Sandiaga Uno and his wife Nur Asia arrive at the venue of presidential final debate in Jakarta on Saturday. (Antara Photo/Rivan Awal Lingga)
Sandiaga's Women Finally Get Under Jokowi's Skin
BY : DION BISARA
APRIL 13, 2019
Jakarta. One thing vice-presidential candidate Sandiaga Uno loves to do during presidential debates, is relate anecdotes of the moms he has met on his campaign trail.
During the third debate, there was Lisa, who lost her medical coverage. And in Saturday night's fifth and final debate, Prabowo Subianto's running mate mentioned Nurjanah of Langkat in North Sumatra, who complained to him about losing customers at her shop, and Mia of Tegal, Central Java, who struggles to pay her electricity bills.
While the names were seemingly random, their stories highlight the candidate pair's populist economic rhetoric and underlying weakness in the programs of the incumbent, Joko "Jokowi" Widodo.
Jokowi was apparently growing tired of hearing these stories, and after hearing more during Saturday's debate, he immediately snapped at Sandiaga.
"These are macroeconomics, not microeconomics, which can be established in one go. It can't be like you said of this mom, or that mom," the president said.
The opposition has been criticizing Jokowi for failing to deliver on his promise of at least 7 percent annual growth in the country's gross domestic product. Indonesia has been expanding at just above 5 percent annually during the Jokowi presidency – a respectable rate, considering lackluster growth in the global economy.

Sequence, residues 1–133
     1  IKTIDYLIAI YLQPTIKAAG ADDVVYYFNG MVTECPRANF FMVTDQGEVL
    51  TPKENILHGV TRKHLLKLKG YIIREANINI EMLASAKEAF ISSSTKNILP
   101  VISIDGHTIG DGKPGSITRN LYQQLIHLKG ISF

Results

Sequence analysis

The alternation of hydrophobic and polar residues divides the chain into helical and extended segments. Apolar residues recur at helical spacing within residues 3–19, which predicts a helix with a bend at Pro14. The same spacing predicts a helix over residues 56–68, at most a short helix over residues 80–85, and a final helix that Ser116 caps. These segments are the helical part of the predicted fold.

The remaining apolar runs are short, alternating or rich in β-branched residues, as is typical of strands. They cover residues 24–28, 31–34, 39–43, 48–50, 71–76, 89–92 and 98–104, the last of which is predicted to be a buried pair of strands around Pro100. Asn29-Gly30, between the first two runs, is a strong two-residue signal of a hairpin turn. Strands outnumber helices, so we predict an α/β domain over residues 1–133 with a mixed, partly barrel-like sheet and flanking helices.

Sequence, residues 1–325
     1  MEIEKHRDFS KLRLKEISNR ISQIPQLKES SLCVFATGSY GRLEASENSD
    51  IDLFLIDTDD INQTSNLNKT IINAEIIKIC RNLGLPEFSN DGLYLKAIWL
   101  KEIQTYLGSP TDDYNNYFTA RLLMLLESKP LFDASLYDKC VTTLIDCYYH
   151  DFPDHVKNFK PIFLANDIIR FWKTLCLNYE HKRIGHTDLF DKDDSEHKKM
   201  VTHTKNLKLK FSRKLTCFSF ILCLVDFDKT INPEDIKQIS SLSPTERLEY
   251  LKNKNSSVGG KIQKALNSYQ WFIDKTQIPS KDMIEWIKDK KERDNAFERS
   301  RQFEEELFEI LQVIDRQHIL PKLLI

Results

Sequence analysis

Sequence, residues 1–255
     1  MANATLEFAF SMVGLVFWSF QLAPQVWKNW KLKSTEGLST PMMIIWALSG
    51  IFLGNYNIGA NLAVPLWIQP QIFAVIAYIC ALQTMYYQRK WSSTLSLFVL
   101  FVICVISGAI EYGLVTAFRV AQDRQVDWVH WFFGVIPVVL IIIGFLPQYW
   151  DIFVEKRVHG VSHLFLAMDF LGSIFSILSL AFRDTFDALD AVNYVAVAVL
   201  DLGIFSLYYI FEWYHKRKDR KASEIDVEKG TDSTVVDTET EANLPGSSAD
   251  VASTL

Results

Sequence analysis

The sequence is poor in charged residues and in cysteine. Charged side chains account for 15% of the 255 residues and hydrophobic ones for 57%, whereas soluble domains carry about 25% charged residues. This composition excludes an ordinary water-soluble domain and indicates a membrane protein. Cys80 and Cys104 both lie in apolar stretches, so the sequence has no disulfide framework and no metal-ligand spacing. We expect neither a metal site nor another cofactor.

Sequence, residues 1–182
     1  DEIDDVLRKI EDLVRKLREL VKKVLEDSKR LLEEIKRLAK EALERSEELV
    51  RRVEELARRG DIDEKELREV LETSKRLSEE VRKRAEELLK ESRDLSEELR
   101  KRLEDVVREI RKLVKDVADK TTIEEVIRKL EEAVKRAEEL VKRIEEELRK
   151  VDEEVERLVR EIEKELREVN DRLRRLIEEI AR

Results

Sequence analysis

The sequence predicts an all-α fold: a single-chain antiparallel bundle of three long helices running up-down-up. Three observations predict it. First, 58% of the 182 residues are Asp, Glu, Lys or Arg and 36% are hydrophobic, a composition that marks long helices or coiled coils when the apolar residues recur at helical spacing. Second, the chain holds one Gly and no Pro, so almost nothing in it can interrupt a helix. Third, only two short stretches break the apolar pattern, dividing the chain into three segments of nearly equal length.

The president also managed to keep inflation at a record low of around 3 percent and reduce unemployment and the poverty level.
Prabowo and Sandiaga, on the other hand, are offering a populist program that involves lower prices for essentials, such as rice, meat and electricity, while at the same time curbing imports and reducing the burden on individual taxpayers.
However, drawing from his experience, Jokowi warned his rival of the complexities in the policy realm. Balancing the interests of producers, such as farmers and fishermen, with the demands of consumers may result in policies that are less than ideal for both, he said.
"What is called macroeconomics is an aggregate of the production and demand side... This is the country's economy," Jokowi told Sandiaga.
"It is impossible for us to carry out a policy based solely on one, two or three people who submit complaints to you.
"And you convey these stories over and over again.
"I don't think that is the way to manage the macroeconomy. In my experience, it just can't be like that."